~ By Yevonne Brannon ~

Southwest Raleigh is a vibrant, diverse and engaged district in Wake County and this diversity is reflected in the users of the Athens Drive Community Public Library.  September 2018 will mark the 40th anniversary of the library that has served thousands of citizens throughout our district including a diverse African American, Middle Eastern, Hispanic, Indian, Chinese, and Caucasian population of library users. Students from pre-school through college, entrepreneurs, rich, poor, children, retirees, people without cars/internet/computers, and home schoolers are all patrons of the facility. The library is located inside Athens Drive High School, and the largest population it serves are the students who attend Athens Drive, NC Wesleyan College students attending night school, and thousands of Wake Tech students (even the pre-school Baby Jags program uses the library!).

Two years ago, in June of 2015, this valuable resource almost closed its doors.  The community learned that Wake County planned to close our public library less than a month before it was set to happen.

Wake County Commissioner “Superheroes”

When community members saw a sign posted in the library announcing the library’s imminent closing, they were outraged.  Meetings sprouted up overnight and the community got organized in their fight to keep the library. The outcry was so significant and the case for keeping the library so strong, that the Wake County Commissioners reversed their decision and sought ways to not just keep the library but improve it!  Over the years, parking, security, and hours of operation had negatively impacted the use of the library. With the new commitment from our County Commissioners, the county hired security guards and implemented other new security measures, including installing an access control system.  Library hours were expanded, allowing the library to serve the public for a total of 60 operating hours per week.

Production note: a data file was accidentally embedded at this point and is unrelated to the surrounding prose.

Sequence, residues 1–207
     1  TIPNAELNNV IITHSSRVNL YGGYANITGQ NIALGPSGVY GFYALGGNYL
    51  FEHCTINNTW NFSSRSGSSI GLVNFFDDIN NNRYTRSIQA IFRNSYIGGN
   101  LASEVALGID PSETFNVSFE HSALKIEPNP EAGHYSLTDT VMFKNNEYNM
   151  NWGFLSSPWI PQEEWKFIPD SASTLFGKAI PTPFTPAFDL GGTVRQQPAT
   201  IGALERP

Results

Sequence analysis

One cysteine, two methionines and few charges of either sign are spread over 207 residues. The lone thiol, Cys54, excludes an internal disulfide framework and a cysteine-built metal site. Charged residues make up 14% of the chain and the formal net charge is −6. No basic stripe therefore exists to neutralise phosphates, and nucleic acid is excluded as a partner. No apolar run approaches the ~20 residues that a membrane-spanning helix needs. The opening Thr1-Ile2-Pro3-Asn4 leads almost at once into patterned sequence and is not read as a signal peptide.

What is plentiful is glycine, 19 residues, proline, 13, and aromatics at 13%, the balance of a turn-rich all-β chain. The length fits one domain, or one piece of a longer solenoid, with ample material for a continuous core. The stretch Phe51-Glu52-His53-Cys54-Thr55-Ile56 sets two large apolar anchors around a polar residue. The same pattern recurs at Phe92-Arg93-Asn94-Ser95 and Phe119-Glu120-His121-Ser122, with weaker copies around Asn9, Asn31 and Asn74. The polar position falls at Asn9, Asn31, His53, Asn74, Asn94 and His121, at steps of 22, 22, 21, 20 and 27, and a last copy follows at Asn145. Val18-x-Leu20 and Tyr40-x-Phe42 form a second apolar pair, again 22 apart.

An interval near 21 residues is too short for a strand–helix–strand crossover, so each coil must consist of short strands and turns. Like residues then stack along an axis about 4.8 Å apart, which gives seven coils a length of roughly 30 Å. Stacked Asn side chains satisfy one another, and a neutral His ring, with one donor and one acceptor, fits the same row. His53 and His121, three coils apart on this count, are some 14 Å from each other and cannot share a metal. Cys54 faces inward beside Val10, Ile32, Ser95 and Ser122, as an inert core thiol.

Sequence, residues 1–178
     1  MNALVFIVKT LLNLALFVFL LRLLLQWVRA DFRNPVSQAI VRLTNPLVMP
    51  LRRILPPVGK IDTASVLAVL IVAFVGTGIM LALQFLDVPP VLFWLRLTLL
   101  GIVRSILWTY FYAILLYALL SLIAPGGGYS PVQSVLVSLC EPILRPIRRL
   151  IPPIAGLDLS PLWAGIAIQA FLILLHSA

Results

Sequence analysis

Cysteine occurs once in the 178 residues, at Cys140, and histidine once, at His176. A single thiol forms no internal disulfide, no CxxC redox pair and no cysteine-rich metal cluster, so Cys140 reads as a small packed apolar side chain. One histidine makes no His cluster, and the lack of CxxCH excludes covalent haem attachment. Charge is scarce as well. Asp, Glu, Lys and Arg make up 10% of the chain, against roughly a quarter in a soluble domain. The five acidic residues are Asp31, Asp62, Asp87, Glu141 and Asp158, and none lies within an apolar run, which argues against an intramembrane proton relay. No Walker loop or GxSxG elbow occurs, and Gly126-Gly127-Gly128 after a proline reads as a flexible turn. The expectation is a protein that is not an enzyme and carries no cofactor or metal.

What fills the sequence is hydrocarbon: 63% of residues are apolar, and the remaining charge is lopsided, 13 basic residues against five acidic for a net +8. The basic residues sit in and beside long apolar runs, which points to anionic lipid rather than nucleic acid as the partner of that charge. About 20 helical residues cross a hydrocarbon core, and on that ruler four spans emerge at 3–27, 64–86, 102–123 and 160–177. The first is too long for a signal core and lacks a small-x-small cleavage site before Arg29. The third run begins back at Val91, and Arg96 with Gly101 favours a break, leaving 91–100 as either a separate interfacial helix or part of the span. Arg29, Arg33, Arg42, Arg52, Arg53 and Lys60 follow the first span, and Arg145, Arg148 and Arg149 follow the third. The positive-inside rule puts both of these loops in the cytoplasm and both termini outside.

Staffing to accommodate the increased hours and additional programming was improved with the hiring of a library manager, a librarian who specializes in children’s programming, and four part-time library assistants.  About 15 new signs were placed on Avent Ferry Road and Athens Drive to help guide people to the library more easily, and the book drop box was moved closer to the school entrance most accessible to the library.

Athens High Jaguar

Parking had been the biggest problem and the school allowed the county to install “library parking only” allowing the public to identify where to park. Parking has since doubled for daytime users and more library parking is being added this fall.

To celebrate the “reopening” of our new, old library, an Open House was held on September 12th.  Wake County Commissioners attended and the place was packed with hundreds of visitors!

So how have the past two years gone for the Athens Drive Community Library?  The circulation is up at the library by 23% (Juvenile Graphic Novels are up the most with a 65% increase in checkouts). This is remarkable and shows how the community can have meaningful input into decisions that impact their quality of life.

The Athens Drive Community Library is a case study for how the community can engage their elected officials in a WIN –WIN for the community and for the citizens it serves.  Kudos to the Commissioners for listening and then acting!

The library is open Monday-Friday 10 from a.m. to 9 p.m. and Saturday from 10 a.m. to 6 p.m.

FUN FACT:  Wake County Libraries as a whole had an excellent summer with 1,055,963 Checkouts in July 2017.